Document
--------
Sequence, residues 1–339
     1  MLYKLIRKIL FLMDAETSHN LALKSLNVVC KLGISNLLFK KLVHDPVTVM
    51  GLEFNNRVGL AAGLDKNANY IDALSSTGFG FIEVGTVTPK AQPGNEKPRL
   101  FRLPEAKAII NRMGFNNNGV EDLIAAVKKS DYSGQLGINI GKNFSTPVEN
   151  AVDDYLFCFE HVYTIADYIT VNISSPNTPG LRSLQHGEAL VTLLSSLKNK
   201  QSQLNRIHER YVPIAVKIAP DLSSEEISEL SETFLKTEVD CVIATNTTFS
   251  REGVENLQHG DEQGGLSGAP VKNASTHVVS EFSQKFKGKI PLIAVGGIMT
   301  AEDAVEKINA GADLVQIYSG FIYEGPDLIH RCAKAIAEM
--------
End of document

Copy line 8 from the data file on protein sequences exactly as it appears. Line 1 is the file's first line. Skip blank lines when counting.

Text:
   301  AEDAVEKINA GADLVQIYSG FIYEGPDLIH RCAKAIAEM